The Activity of Spontaneous Action Potentials in Developing Hair Cells Is Regulated by Ca2+-Dependence of a Transient K+ Current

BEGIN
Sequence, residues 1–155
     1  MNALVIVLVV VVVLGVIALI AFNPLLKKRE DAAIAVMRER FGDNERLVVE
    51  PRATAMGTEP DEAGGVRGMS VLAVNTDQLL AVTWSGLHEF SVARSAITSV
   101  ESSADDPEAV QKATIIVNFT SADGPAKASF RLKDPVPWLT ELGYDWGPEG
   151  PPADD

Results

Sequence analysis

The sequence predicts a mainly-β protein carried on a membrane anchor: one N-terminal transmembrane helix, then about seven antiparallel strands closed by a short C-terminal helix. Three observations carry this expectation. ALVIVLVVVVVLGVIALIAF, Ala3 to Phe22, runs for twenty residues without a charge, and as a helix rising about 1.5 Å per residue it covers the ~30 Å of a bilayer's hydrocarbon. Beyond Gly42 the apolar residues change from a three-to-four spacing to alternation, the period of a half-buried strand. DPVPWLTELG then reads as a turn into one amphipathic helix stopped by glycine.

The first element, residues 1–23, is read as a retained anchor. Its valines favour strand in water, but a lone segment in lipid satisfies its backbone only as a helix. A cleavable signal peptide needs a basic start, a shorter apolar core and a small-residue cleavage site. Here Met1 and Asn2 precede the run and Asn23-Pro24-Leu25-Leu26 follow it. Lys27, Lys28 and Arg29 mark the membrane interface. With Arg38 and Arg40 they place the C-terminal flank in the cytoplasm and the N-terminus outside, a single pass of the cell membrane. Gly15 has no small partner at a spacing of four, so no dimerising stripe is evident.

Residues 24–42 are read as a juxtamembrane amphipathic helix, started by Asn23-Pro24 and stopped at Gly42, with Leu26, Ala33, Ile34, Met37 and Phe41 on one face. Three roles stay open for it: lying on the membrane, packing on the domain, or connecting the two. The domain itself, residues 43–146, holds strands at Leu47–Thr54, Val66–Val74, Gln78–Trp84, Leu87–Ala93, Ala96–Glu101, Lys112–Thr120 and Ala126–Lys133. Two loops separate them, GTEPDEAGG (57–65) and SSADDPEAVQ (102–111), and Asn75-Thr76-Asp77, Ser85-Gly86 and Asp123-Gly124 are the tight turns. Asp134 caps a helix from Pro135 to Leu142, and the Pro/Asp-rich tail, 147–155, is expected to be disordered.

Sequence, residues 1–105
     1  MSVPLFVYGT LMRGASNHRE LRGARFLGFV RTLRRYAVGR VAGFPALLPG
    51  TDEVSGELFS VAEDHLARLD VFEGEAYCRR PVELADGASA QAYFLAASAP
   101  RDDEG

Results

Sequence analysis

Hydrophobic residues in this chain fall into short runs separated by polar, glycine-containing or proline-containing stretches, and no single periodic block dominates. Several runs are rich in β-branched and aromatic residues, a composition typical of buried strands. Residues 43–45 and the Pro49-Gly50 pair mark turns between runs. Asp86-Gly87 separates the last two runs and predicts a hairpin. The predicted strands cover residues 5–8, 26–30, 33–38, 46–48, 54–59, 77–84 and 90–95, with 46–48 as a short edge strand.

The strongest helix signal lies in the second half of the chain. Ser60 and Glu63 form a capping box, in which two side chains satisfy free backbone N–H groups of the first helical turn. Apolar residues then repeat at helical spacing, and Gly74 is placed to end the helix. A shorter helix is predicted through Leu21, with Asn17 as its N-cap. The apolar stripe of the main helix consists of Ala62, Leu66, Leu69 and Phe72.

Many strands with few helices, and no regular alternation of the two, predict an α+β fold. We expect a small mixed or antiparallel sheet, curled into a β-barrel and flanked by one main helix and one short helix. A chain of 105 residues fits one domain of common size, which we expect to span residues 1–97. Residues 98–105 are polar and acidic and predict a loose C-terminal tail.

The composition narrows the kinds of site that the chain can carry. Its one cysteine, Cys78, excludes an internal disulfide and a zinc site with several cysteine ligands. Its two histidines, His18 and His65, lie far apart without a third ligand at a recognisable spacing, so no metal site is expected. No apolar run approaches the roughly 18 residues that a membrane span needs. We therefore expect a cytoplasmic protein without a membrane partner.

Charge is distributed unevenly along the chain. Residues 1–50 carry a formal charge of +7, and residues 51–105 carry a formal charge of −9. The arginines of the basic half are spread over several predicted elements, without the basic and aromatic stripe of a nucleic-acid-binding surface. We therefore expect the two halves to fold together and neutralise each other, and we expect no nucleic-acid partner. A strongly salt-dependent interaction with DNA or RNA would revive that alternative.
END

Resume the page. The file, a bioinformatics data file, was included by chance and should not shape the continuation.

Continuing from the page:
Mobile intracellular calcium buffers play an important role in regulating calcium flux into mechanosensory hair cells and calbindin D-28k is expressed at high levels in the chick's basilar papilla. We have used RT-PCR, in situ hybridization, and immunohistology to demonstrate that calbindin expression varies systematically according to hair cell position and developmental age. RT-PCR using microdissected quarters of the posthatch basilar papilla showed that mRNA levels were lowest in the (low frequency) apex and higher in basal quadrants. In situ hybridization revealed calbindin mRNA in posthatch hair cells and supporting cells, with more intense labeling of hair cells from basal (high frequency) positions. A similar topology was obtained with calbindin antibodies. Neither calbindin riboprobe nor calbindin antibody labeled cochlear neurons. In contrast, a subset of large vestibular neurons and their calyciform endings onto Type I vestibular hair cells were strongly labeled by the calbindin antibody, while vestibular hair cells were negative for calbindin immunoreactivity. Likewise, calbindin in situ hybridization was negative for vestibular hair cells but positive in a subset of larger vestibular neurons. Calbindin mRNA was detected in hair cells of the basal half of the papilla at embryonic day 10 (E10) and calbindin immunoreactivity was detected at E12. Hair cells in the apical half of the papilla had equivalent calbindin expression two days later. Immunoreactivity appeared in abneural supporting cells days later than in hair cells, and not until E20 in neurally located supporting cells. These results demonstrate that calbindin message and protein levels are greater in high-frequency hair cells. This "tonotopic" gradient may result from the stabilization of a basal-to-apical developmental gradient and could be related at least in part to calcium channel expression along this axis.